You will need to crop most of your wave shots, and you will probably have to use the Clone Stamp tool (or a similar tool) to remove the tape or silicone you used to attach the champagne flute to the glass. Of course, you can also remove any other unwanted artifacts and adjust the colors, contrast, and sharpness to taste. Our before and after shots are shown below. Remember, the better the initial capture, the less post-processing will be needed.

Tips, Tricks, and Notes

▸ Although it looks like expensive liqueur, this shot was made with water and food coloring.

▸ The setup I used for this shot was inspired by Jamal Alayoubi ( For an alternative method based on using a skateboard, see Vincent Riemersma’s setup (

▸ Check out AurumLight ( for another inspiring splash idea based on milk.


The original image (left) and the post-processed version (right)

Workshop 39

Kiwifruit Splash with a Cross-Beam Sensor

How to set up a cheap and effective cross-beam sensor

How to capture splashes of cream

If you were frustrated with the trial-and-error approach to shooting splashes in the previous two workshops, you can use a cross-beam sensor. After you set it up properly, you should be able to capture a great splash with every shot. But be warned: setting up the trigger is not trivial. For this workshop I used the Jokie model, which is available for about $215 from eltima electronic ( This is a German company, but they ship overseas at reasonable prices. Another option is the StopShot by Cognisys; available in the U.S., but even without overseas shipping it is quite a bit more expensive.

Setting Up the Trigger

This setup uses a cross-beam sensor to release the shutter and capture a slice of kiwifruit as it falls into a cocktail glass filled with cream. The Jokie sensor has only one active component. The transmitter/receiver unit is the only part of the system that requires separate electrical power as it uses a simple cat’s eye reflector as counterpart. The unit is delivered with a battery holder and 20mm and 40mm reflectors. All components have quarter-inch threads, so they can be mounted on standard-size tripods and light stands.

In addition to batteries, a cross-beam sensor requires a connection cable. To trigger Canon cameras or flashes, the Jokie requires a male-to-male 2.5mm stereo cable. Cables for Canon and other cameras are available from Amazon or, in the case of the Jokie, from the manufacturer.

To set up the sensor, align the transmitter and the reflector until the warning lamp on the transmitter goes out, and then connect the cable to the camera. Now set up your flash and figure out the height from which you need to drop the object. We used two Yongnuo YN-460 flashes fitted with RF-602 radio triggers. For a shot like this, you can equip your flashes with snoots or grids, or simply bounce the light off a sheet of Styrofoam. Then measure the delay in the system by setting up a ruler next to your scene and dropping a suitable object (such as an eraser) through the trigger’s beam. For our setup we measured a height of about 42 cm, which is a 30 ms delay between the time the object is released and when the shutter fires. You can reduce the distance and delay by using mirror lockup. With our Canon EOS Rebel T1i (EOS 500D), this reduced the drop height to 35 cm. When you know these values, you can set up your scene accordingly and use a glass of water to prefocus and to test the system. The flash should be set to an output value close to its minimum to keep the flash duration short. You can then set your camera to f/8, 1/125 second, and ISO 100 and start dropping objects into liquids!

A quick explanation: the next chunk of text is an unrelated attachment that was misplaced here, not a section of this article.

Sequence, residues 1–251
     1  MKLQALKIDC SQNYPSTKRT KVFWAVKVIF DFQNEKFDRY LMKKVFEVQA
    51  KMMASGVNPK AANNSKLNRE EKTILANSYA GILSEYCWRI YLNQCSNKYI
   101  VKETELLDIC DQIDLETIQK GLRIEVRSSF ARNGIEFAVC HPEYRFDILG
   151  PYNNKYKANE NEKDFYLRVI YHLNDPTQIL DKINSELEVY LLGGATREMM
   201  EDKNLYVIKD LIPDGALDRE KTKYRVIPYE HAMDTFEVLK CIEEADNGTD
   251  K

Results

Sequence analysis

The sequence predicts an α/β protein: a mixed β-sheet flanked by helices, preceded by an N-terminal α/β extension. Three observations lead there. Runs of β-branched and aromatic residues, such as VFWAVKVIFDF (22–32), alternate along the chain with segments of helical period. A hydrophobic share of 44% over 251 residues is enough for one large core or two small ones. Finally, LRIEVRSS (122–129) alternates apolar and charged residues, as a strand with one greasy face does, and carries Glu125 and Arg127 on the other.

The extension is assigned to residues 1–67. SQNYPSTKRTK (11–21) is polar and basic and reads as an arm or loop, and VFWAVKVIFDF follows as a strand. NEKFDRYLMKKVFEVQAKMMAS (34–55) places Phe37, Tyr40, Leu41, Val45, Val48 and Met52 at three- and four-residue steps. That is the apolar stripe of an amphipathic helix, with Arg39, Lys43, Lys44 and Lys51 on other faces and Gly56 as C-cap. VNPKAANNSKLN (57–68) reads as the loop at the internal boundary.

The IR trigger, showing the transmitter/receiver unit, the battery holder, and the two reflectors


Our kiwifruit splash, captured using an cross-beam sensor

Canon EOS Rebel T1i (EOS 500D) | EF 50mm f/1.4 set to f/8 | M mode | 1/125 second | ISO 100 | RAW | manual prefocus (autofocus off)

For our setup the distance to the transmitter was about 70 cm, and we had to use the small reflector to get the system to work with such a small object. More expensive cross-beam sensors, such as the Cognisys StopShot, have a built-in delay circuit that you can use to precisely time your drops. The Jokie in the original version has no such feature, but it has a consistent delay of 0.13 milliseconds. If you are using a simple trigger like this and you need a longer delay, you either have to increase the drop distance or work without mirror lockup.

This setup is less useful with cameras that have longer shutter delay times (some Olympus cameras, for example, have a shutter delay of up to 300 ms). The best work-around is to darken the room, set the camera to bulb (B) mode, open the shutter, and then use the trigger to fire the flash instead of the camera. Cables are available to connect most triggers to a range of flash units. If necessary, you can trigger additional flashes as optical slaves.

Camera and Flash Settings